World Banks scales up support for Cyclone Idai hit nations to $700 million

MOZAMBIQUE FLOODS: A site of people on the ground struggling to maneuver pass the heavy waters, is seen from the chopper as the South African National Defense Force (SANDF) team flies over to Maganja da Costa district, one of the areas hit by floods in the neighboring country, Mozambique. The country has been in desperate need of support from different humanitarian organizations including the SANDF, since the disaster struck over a week ago. The beautiful green land is almost completely covered by muddy water and scores of homes are destroyed. The mission in Mozambique is going well says the minister of Defence Nosiviwe Noluthando Mapisa-Nqakula, during a press conference at the Air Force base Waterkloof, ahead of the media visit to Mozambique on Tuesday. So far, more than 60 people have died country wide and thousands displaced in the Nicoadala district in Zambezia Province, located in the central coastal region, where the South African troops are based. “Rescue centres have been established to deal with food demand and those in need of medical attention and we are working very hard to prevent any outbreaks like cholera and malaria” said SANDF Lieutenant Colonel Edie Rieger who is part of the operation in the area. Some of the roads are still flooded, this might be a possibility for the team to pro-long their 14 day mission, until the roads dry up for the operation to continue. ...Photo and Words:Leon Sadiki 01-21-2015.

MAPUTO (Reuters) – The World Bank has increased emergency support for the three southern African countries affected by a devastating cyclone that killed hundreds in March to $700 million, the lender said on Friday.

More than 1,000 people were killed across Mozambique, Zimbabwe and Malawi after Cyclone Idai, the worst cyclone in decades, lashed the eastern Indian Ocean coast bringing heavy winds and rains.

New World Bank President David Malpass, who is in Africa for his first foreign trip, toured the affected areas in Mozambican port city of Beira on Friday.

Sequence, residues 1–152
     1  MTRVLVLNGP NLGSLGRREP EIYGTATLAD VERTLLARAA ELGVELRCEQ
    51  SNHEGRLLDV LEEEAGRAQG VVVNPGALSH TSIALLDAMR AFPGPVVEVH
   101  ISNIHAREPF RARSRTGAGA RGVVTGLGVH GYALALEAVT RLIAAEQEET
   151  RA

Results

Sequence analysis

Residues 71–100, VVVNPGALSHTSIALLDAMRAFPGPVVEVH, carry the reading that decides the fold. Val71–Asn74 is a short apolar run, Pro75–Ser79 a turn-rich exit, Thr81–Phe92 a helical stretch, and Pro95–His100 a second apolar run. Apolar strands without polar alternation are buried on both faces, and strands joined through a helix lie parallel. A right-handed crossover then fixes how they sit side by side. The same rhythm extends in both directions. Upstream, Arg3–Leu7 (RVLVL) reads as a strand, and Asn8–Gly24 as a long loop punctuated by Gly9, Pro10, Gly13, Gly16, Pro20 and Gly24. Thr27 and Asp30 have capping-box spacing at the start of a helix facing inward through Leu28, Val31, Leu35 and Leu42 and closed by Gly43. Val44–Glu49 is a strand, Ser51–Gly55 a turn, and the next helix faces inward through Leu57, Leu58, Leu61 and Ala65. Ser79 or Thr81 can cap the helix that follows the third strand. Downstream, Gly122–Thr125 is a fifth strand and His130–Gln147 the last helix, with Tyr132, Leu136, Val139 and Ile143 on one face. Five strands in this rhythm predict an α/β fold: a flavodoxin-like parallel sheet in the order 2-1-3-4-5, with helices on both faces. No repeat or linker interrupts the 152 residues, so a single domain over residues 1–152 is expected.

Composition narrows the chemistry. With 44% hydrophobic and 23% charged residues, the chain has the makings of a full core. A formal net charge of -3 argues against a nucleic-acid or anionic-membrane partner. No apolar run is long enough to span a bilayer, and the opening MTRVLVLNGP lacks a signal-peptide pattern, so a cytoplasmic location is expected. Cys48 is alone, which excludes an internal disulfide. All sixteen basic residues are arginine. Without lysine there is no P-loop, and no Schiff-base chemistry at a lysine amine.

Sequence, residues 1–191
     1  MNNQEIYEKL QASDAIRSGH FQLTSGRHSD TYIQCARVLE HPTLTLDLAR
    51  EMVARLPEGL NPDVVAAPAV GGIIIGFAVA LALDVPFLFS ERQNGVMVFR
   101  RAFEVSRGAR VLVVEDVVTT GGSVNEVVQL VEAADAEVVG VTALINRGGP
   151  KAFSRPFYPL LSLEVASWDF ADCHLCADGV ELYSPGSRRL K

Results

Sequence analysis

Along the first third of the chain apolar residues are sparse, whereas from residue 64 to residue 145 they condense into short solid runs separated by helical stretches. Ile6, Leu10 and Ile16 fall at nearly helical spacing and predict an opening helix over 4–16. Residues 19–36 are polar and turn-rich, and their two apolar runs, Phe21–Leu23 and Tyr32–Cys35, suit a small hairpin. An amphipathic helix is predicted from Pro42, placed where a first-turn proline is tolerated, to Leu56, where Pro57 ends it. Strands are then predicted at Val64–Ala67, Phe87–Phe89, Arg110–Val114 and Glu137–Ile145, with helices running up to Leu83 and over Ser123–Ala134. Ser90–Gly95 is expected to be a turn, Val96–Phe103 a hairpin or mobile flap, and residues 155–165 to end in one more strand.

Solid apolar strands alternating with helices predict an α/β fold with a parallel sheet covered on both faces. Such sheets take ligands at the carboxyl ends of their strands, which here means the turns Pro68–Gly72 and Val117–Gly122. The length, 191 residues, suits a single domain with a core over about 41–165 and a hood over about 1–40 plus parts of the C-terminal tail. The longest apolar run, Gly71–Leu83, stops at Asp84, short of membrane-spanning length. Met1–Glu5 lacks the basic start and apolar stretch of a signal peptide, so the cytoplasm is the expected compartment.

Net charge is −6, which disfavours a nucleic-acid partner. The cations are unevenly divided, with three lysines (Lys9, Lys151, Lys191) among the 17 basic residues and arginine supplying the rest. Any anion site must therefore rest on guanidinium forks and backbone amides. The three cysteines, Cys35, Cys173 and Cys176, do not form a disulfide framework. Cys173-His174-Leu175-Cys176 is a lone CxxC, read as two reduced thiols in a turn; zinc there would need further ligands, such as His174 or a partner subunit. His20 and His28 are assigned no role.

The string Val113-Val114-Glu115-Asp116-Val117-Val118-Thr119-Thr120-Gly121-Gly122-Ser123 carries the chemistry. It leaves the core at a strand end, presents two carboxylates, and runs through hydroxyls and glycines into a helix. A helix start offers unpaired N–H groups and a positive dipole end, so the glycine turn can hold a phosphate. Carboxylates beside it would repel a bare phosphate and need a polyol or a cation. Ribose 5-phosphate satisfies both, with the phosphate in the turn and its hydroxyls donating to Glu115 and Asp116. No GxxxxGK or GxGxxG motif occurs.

The bank said it was activating the International Development Association’s (IDA) Crisis Response Window (CRW) to provide up to $545 million in total for the three countries.

The IDA is the bank’s fund for the poorest countries.

“This is in addition to nearly $150 million in resources that have recently been made available from existing projects. Together, total World Bank support to the three countries’ recovery reaches around $700 million,” the bank said.

Mozambique, which was hardest hit by the cyclone, would receive $350 million in CRW financing to re-establish the water supply, rebuild damaged public infrastructure and support disease prevention, among other things, the World Bank said.

Malawi would get $120 million in financing, while the lender intended to provide an exceptional allocation of up to $75 million to select United Nations agencies to support Zimbabwe.

The bank said it was still assessing the impact of Cylcone Kenneth that slammed the island nation of Comoros and then northern Mozambique last month.

“The World Bank Group is working closely with our partners to help the population recover from these terrible storms, build back stronger than before, and improve countries’ resilience to natural disasters,” Malpass said in a statement.

As part of his Africa trip, Malpass had also traveled to Ethiopia and Madagascar to visit several World Bank Group-funded projects, and held meetings with government leaders, private sector representatives, and other stakeholders.